Author: Suguna Iyer
ISBN/UPC (if available): 0141007664
A masterly evocation of life in southern India and of the conflict between tradition and modernity, this is an unusual novel that brings alive a world rarely explored in Indian fiction. A novel about love, passion, and the pursuit of knowledge.
In 1921, while on his way to England, N. S. Ramachandran stumbled upon a riddle that was to drive him for the rest of his life: why was the sea blue, even when there was no sunlight and no blue sky for it to reflect? The Young scientist returned to India, eager to start work on the problem of optical phenomena. With his assistants Subramaniam and Seshadri, he embarked on a voyage of discovery that was a culminate in the NSR effect, which would bring him worldwide fame, and the Nobel Prize for physics.
A fascinating insight into the heady years of research leading up to the discovery that changed the face of Indian science, 'The Evening Gone' is also the story of the men and women who got left behind in the race for knowledge and power. So there is Meenakshi, who yearns to learn Sanskrit, but is condemned to spend her life as a shaven-headed widow in her brother's orthodox Tamil Brahmin household; Tripuram, whose intense love for music must always take a backseat to her husband's ambitions; and Subramaniam, whose contribution to NSR's work remains forever a point of contention.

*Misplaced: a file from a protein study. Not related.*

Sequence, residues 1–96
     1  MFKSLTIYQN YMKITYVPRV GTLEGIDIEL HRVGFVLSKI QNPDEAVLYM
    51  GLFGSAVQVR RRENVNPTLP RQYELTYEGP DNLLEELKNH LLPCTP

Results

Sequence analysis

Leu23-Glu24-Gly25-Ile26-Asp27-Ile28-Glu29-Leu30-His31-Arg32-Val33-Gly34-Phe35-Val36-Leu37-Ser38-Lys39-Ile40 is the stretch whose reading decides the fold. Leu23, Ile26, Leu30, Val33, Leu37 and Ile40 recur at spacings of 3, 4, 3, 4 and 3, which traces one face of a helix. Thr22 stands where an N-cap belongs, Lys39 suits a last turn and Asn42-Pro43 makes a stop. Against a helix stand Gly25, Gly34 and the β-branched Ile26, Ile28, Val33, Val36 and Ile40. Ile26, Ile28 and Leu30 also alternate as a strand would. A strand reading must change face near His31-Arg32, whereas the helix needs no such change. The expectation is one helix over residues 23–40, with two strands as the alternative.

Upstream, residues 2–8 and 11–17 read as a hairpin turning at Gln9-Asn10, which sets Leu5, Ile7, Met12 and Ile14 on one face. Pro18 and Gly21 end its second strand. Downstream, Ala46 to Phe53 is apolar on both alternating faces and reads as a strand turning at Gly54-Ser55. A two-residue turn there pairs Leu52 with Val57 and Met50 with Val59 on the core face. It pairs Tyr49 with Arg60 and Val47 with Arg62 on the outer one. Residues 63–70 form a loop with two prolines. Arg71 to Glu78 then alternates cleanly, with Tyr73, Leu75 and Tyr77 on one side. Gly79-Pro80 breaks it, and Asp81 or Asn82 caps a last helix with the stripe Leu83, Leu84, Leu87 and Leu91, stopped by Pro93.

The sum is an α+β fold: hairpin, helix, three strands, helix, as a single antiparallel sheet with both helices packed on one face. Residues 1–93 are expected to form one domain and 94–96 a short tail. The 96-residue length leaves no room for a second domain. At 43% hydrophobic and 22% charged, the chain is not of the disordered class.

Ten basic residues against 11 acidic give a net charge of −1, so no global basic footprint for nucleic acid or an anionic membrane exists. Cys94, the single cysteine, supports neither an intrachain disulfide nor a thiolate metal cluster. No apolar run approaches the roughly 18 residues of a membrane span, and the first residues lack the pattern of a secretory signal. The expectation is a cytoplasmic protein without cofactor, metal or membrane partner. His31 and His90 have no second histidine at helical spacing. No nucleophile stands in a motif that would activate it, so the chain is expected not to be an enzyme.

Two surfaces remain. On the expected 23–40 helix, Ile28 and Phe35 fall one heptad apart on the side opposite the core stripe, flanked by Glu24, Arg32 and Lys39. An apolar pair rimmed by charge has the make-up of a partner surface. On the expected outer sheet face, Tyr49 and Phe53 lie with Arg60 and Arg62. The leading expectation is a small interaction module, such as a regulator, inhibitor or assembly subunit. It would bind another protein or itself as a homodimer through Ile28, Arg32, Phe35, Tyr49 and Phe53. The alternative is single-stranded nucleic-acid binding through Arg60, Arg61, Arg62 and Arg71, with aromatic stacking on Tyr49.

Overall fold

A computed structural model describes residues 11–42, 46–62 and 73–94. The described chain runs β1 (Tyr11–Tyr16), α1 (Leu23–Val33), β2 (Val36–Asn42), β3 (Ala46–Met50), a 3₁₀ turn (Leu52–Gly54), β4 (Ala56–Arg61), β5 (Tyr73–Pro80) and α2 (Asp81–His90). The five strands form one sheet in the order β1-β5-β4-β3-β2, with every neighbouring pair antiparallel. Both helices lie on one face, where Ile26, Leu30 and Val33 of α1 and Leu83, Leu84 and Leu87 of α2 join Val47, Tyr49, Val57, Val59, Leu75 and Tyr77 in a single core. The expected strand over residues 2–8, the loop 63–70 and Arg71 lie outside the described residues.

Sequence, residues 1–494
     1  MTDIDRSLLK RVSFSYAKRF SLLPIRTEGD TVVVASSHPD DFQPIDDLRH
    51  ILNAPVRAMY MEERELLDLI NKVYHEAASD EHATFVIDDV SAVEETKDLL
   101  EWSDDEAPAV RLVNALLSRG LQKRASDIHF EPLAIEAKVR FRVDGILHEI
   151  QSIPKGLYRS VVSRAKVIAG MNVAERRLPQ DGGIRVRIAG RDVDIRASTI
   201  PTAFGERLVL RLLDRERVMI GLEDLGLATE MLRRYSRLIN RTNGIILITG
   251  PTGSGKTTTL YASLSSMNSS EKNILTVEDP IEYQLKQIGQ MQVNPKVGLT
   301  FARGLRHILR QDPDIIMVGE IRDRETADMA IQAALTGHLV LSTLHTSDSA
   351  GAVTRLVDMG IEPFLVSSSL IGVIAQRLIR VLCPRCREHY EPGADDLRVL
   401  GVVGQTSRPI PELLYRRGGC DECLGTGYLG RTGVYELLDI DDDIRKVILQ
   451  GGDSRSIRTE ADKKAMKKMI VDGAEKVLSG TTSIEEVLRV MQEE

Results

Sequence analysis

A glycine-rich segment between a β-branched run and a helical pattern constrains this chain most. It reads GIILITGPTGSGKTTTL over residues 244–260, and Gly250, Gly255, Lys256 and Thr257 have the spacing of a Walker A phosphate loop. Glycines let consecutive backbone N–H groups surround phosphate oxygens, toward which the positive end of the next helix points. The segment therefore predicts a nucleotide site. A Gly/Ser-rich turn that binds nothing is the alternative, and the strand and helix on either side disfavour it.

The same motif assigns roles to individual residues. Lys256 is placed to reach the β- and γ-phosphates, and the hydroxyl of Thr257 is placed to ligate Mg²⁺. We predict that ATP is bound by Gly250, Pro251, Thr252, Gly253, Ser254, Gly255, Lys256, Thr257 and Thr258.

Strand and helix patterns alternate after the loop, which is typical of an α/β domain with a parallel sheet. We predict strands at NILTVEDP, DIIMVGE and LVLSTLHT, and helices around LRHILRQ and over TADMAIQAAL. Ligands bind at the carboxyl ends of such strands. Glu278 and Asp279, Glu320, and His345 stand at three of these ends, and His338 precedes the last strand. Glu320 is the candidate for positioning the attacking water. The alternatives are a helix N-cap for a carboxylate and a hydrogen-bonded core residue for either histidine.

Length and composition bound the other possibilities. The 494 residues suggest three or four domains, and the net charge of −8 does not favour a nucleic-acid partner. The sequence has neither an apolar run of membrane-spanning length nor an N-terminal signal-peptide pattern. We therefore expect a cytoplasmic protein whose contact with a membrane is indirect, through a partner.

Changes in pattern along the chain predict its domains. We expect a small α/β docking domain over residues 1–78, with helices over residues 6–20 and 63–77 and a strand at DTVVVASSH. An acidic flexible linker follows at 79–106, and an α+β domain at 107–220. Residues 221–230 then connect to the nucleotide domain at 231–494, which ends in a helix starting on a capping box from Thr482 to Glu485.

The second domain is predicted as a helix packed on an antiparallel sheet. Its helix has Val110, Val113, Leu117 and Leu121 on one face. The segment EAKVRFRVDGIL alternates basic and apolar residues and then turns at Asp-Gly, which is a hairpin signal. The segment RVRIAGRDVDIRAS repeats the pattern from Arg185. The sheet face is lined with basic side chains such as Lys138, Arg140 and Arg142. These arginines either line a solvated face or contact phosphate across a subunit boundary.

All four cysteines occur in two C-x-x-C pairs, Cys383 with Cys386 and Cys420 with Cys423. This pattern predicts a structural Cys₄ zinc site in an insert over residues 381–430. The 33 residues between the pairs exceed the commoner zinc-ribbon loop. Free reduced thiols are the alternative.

A masterly evocation of life in southern India and of the conflict between tradition and modernity, this is an unusual first novel that brings alive a world rarely explored in Indian fiction.
'The Evening Gone' evokes - with acuteness, compassion and beauty -- the many strands of ancestral experience which lie behind a contemporary India family. These strands are political, cultural, intellectual and social, so the book does nothing less, in effect, than describe the birth of a modern India identity.'
— Shama Futehally, author of Tara Lane